Bernard Goldberg: “Do some pitchers use that sticky stuff?”
Trevor Bauer: “Yea, probably like 70% of them.”
Goldberg: “How do you get it onto the field?”
Bauer: “Pitchers put it onto their glove, or onto their hat, or inside their belt buckle.”
Goldberg: “You’re not supposed to be giving up these secrets! Your fellow baseball players are not going to be happy about this!”
Bauer: “Yea well, it needs to be talked about more because it affects every single pitch and it’s a bigger advantage than steroids ever were. If you know how to manipulate it, you can make the ball do drastically different things from pitch to pitch with the same velocity.”
Goldberg: “Why don’t the managers yell at the other guy?”
Bauer: “Because all their guys are doing it too!”
On an appearance of HBO’s Real Sports with Bryant Gumbel, Major League Baseball All-Star pitcher Trevor Bauer, one of the most outspoken athletes in all of sports, said ’70 percent’ of MLB pitchers illegal use pine tar on their fingers while pitching in games.
Bauer famously called out Houston Astros pitchers during the 2018 season long before their sign-stealing scandal broke, when Bauer pointed that every Astros starter was having a career year. That itself wouldn’t have been the biggest anomaly ever, but Bauer also pointed to the fact that every Houston pitcher was also seeing absurdly career-highs in the spin rates of their pitches, which Bauer said was completely linked to pine tar usage.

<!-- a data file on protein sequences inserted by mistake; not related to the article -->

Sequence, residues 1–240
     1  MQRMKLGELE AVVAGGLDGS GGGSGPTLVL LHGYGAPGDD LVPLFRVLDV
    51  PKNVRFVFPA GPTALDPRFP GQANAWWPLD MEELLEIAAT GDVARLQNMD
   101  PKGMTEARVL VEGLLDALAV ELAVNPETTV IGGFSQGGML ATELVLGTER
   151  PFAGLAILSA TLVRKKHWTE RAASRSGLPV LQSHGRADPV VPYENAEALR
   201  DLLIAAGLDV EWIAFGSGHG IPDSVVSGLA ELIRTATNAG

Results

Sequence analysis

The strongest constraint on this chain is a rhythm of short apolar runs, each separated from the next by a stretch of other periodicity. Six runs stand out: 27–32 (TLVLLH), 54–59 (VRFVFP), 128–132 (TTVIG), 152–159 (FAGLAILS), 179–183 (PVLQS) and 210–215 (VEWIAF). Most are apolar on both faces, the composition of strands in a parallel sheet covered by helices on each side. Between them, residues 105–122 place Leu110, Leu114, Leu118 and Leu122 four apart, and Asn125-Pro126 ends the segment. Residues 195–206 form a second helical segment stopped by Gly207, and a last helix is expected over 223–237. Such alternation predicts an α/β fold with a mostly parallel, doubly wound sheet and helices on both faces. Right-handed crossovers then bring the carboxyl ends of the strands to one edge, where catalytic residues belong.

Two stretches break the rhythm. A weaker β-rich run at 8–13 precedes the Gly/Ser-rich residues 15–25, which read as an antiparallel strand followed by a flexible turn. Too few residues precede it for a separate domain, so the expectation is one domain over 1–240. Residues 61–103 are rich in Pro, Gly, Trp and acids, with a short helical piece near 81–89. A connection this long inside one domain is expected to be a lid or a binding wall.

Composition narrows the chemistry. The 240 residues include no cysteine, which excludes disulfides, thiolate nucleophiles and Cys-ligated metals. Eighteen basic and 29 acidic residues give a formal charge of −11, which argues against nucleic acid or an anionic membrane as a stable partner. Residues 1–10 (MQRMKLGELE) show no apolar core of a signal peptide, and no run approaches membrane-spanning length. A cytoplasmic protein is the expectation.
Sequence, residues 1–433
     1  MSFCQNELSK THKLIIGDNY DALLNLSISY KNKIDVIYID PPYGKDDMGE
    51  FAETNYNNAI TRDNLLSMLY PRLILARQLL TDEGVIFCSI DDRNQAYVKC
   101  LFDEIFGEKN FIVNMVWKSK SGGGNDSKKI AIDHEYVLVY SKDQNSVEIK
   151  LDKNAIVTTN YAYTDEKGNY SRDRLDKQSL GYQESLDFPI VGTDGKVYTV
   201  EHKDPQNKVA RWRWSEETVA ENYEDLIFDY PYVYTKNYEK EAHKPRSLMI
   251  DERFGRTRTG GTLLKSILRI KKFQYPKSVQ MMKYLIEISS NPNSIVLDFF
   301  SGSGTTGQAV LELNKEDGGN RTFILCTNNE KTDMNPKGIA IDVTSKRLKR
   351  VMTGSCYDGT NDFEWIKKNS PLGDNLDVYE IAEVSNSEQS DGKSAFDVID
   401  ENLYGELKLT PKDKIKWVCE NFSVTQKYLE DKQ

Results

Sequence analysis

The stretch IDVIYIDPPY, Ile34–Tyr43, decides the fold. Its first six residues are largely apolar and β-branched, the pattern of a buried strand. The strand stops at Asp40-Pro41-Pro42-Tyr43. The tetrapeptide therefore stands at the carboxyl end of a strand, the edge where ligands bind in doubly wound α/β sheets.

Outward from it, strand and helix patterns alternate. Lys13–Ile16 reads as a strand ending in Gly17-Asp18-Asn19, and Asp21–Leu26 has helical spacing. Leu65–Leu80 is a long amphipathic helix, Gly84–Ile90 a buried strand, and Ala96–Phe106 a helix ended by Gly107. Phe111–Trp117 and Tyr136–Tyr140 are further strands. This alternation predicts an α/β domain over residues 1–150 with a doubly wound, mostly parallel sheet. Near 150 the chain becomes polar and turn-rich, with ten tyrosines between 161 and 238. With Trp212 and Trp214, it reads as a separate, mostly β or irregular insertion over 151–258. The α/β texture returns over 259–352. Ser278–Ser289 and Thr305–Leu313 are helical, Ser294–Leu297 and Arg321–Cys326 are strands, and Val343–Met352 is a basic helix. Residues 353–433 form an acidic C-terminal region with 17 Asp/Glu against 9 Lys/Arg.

Pine tar is illegal for pitchers to use for its obvious advantages on gripping the baseball. Bauer says the biggest red flag of a pitcher using pine tar is not the change in velocity, but the increase in spin rate, and said it’s not physically possible to just add a couple hundred RPMs to your fastball without artificial assistance.
Bauer said pitchers find pretty simple ways to carry the foreign substance out onto the field, which batters can legally use for better grip on the bat. He said pitchers simply lather their gloves, belts, and hats with the sticky syrup, and even include the touching of the specific points of adhesion in their pre wind-up and delivery.
Former New York Yankees pitcher Michael Pineda was once infamously ejected from a game after television cameras clearly picked up visuals of the side of Pineda’s neck smothered with pine tar, as the glare of the Fenway Park stadium lights were glistening off the substance.
The Red Sox quickly called out from the dugout for the umpires to check Pineda’s neck, and after a brief examination, Pineda was ejected from the game. Pineda was suspended 10 games by Major League Baseball.
Bauer said the reason teams don't make a bigger deal about the opposing pitchers illegally using pine tar is because there is a good chance that their own pitchers are using it too. Pineda's case, however, was absurdly egregious.
Bauer himself says he doesn't use pine tar.